Slowing Alzheimer’s: Three Bs put to the test

According to researchers from Georgetown University Medical Center’s Memory Disorders Program, three common B vitamins may make a difference in the lives of those who suffer from Alzheimer’s disease. They have published encouraging results of a preliminary study and are leading a 40-centre trial to see whether the three vitamins – folic acid, B-12 and B-6 – can slow the progression of Alzheimer’s disease.

In a pilot study, published in the American Journal of Geriatric Psychiatry, the researchers found that high dose vitamins reduce levels of the amino acid homocysteine in individuals with Alzheimer’s disease. Previous studies have linked homocysteine to Alzheimer’s disease. Homocysteine is a damaging form of the amino acid L-cysteine and is also thought to contribute to heart disease.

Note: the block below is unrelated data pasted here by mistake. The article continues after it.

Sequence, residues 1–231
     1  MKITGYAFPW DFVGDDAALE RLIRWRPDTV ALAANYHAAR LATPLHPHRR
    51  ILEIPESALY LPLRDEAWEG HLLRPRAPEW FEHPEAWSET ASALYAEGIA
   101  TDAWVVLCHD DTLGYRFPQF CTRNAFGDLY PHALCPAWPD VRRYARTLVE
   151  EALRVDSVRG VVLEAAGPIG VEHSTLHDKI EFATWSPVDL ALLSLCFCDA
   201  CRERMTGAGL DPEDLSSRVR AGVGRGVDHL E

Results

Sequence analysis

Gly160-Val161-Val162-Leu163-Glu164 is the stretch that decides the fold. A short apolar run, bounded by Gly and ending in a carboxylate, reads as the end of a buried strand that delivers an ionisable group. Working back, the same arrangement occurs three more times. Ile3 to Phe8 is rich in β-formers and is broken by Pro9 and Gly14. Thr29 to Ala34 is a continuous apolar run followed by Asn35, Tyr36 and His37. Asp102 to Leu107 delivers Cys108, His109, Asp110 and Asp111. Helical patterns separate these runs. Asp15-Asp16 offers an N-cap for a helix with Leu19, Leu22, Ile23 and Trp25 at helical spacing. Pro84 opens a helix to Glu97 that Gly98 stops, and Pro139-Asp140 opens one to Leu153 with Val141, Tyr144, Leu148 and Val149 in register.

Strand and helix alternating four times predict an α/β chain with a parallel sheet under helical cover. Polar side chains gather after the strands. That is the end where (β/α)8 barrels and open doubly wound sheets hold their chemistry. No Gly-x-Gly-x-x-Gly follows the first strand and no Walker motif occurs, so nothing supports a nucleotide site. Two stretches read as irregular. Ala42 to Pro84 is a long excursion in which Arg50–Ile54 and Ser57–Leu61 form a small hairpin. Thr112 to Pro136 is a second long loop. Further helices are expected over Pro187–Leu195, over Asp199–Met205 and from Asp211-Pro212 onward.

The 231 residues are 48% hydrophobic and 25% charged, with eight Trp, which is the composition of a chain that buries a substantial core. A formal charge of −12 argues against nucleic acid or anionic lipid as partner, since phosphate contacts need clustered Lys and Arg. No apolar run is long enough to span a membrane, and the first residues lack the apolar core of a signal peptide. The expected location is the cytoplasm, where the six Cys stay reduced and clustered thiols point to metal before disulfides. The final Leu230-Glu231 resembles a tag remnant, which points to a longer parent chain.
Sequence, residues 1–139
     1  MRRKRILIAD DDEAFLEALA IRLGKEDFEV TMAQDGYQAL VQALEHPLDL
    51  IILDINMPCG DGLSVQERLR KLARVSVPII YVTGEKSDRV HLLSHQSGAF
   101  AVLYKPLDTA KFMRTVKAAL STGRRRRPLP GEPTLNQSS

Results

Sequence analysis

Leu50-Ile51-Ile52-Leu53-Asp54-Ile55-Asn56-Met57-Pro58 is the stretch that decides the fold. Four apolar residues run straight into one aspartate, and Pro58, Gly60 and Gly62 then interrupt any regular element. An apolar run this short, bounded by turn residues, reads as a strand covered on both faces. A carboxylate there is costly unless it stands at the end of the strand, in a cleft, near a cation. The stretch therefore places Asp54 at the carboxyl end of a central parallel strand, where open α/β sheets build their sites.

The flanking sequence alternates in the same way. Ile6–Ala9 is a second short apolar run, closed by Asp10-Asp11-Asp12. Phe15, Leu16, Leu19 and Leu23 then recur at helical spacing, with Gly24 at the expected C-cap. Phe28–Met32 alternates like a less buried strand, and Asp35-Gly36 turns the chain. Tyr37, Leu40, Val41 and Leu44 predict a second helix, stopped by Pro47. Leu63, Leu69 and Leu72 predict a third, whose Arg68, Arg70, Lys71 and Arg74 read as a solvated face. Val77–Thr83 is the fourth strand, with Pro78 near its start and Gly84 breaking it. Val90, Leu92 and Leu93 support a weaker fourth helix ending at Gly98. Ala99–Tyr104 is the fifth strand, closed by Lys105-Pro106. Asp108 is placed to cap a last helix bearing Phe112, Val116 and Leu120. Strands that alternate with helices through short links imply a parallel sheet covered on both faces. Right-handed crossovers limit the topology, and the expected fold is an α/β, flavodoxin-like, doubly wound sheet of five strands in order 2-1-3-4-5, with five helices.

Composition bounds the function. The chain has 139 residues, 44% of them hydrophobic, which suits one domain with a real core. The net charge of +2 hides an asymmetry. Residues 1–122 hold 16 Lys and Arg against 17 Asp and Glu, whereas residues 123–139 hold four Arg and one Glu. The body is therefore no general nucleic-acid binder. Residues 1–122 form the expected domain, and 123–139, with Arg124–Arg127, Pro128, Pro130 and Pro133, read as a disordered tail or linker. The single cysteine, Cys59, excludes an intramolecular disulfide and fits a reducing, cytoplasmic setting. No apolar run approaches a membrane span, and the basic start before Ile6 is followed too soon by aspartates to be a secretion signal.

“Individuals with Alzheimer’s disease have higher levels of homocysteine than people of similar age who do not have the disease,” said Dr Paul Aisen, a lead researcher. “In our pilot study we have demonstrated that we are able to reduce levels of homocysteine using a vitamin regimen that is both safe and inexpensive. Now we are conducting a therapeutic trial to determine whether use of the vitamins folic acid, B-12 and B-6 to lower homocysteine level has a favourable impact on the course of the disease.”

The multicentre vitamin study, known as Vital (VITamins to Slow Alzheimer’s Disease) will be funded by the National Institute on Aging.

Georgetown University, Mar 17, 2003